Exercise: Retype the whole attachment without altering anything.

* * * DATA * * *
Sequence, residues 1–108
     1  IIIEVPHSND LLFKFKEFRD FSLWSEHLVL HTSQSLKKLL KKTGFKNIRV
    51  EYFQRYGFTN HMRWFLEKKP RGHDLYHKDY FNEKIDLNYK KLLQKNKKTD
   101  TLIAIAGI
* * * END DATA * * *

Sequence, residues 1–108
     1  IIIEVPHSND LLFKFKEFRD FSLWSEHLVL HTSQSLKKLL KKTGFKNIRV
    51  EYFQRYGFTN HMRWFLEKKP RGHDLYHKDY FNEKIDLNYK KLLQKNKKTD
   101  TLIAIAGI